Life has a funny way of simply getting in the damned way.
Take my writing – as this is what this blog is all about, I may as well focus on that. Work dragged me down. The daily grind, wishing the weeks away. The dreaded Sunday, the thought of work looming over you like the proverbial cloud. In that regard, work wasn’t much different from school. Except I got paid. Well, after a fashion. It wasn’t very much, not in those days. Just over ten pounds a week I received. And no, before you jump up and down and shout, I’m not talking pre-war….“I remember when I could go out for a pound in my pocket, buy six pints of beer, take in a show, catch a taxi home and still have enough left over for a weekend away in Paris.” Yes, well…I’ve heard all that. The truth is, I didn’t have much, but I got by. I survived.
And my writing sort of got forgotten.
Then, when I was the tender age of 19, I changed jobs and found that I could afford little luxuries. A new typewriter, that was the first item on the list. And with it came a new spurt of creativity.
But it didn’t last long. Women, you see. They are your real downfall. Emotions. Never a good thing. Not when you’re young.
Writing went on the back-burner and was to stay there until I left university.
In one sentence, that doesn’t seem such an event. So let me quickly rattle through ten years of mundane, soul-destroying jobs, going back to night-school, then college, then university. It took me six years to become a teacher. I hardly faltered at all, except when my parents died. First my mum, from diabetes followed a few months later by my dad, from sclerosis of the brain. Both hideous, both leaving me reeling from the loss. When I’d gone into university, they were both alive, and now they were both gone. It took a lot of coming to terms with.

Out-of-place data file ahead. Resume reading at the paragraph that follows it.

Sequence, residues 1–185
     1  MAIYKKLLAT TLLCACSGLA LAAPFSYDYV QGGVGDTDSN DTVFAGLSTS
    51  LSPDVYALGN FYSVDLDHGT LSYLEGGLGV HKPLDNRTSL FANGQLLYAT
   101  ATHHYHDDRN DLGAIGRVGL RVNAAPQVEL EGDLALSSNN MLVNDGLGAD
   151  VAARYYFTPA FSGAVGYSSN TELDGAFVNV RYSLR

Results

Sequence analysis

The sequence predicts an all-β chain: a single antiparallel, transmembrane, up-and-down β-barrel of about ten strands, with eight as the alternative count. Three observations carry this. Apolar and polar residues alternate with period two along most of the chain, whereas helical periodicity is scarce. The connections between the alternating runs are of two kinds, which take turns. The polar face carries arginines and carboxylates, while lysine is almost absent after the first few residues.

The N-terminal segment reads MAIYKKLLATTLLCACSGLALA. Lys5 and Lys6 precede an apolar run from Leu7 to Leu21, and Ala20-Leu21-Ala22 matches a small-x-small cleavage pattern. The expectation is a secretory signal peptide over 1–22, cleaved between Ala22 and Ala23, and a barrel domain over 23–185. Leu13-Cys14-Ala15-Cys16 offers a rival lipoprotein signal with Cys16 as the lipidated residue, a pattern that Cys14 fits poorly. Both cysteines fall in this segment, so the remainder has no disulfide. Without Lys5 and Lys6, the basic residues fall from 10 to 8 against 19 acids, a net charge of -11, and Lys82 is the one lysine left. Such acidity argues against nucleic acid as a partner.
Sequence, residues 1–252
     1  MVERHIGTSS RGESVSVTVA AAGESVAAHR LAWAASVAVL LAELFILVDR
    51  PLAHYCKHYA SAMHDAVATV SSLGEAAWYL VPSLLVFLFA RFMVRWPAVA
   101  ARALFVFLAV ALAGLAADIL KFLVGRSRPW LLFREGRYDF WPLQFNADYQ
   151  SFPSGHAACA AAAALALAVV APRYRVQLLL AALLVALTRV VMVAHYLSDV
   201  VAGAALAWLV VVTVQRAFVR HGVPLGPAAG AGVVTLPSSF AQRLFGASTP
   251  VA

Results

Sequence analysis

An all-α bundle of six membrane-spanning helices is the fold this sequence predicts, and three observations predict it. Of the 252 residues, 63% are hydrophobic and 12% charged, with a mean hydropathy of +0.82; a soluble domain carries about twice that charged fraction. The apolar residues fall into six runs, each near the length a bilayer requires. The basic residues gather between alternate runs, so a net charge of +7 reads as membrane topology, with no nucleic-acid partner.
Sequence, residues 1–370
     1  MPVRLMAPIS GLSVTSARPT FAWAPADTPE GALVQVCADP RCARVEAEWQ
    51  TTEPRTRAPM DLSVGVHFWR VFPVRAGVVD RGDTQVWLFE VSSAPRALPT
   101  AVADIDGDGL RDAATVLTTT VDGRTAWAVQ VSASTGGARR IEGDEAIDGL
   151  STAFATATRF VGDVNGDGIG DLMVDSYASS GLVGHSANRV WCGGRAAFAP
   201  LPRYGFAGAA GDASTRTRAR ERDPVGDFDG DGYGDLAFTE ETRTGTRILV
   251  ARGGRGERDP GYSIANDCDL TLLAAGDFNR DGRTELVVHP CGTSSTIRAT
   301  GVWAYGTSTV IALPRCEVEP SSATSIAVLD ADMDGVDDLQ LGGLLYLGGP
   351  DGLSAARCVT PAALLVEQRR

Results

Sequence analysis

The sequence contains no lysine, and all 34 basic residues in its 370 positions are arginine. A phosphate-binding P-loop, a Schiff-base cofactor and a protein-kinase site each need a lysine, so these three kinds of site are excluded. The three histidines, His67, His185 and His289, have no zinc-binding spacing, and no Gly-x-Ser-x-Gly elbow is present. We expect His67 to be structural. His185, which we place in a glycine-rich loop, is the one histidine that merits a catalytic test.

However, I got through and got myself ‘qualified’. At long last, I felt I had a bit of purpose.
My first ‘real’ job as a teacher took me to the stark beauty of Cornwall. I remember that first Sunday before I began work, surfing down at Trebarwith Strand and thinking that nothing could ever, ever get better. For many years, it didn’t. I lived in the same village as my school, and from my classroom window I could see my first daughter Emily playing in the front garden of my house, which was just across the road. Even now, that image brings a lump to my throat. Mainly, though, it was Trebarwith. I loved it there. And when I was writing novels that got published, I set one of them down there, in that wonderful place. If you ever go to North Cornwall, go to Trebarwith Strand. You won’t regret it. But make sure the tide is out, or you’ll only get a spot on the cliffside, and if you want comfort that is not the place to be.
I’d written in university. And, I’d been singled out for praise. That was nice. Writing a book, however, that was something else.
I set down an idea for a thriller. It was called ‘A flight of Crows’. Don’t ask me why I called it that. Something to do with crows and carrion, and how they fly away if you so much as look at them. Or is that rooks? Whatever, I thought it evoked a sense of terror, like Hitchcock so brilliantly evoked in the Birds. I actually thought it was a good story. I still do. But I didn’t finish it, and that was the big problem in those days. I simply didn’t finish anything. Lots of ideas, lots of plans scribbled on the back of used envelopes, but no fruition. I began to wonder if I would ever be capable of setting down anything more than forty thousand words.
And then, I went to Alderney. From that point everything was to change.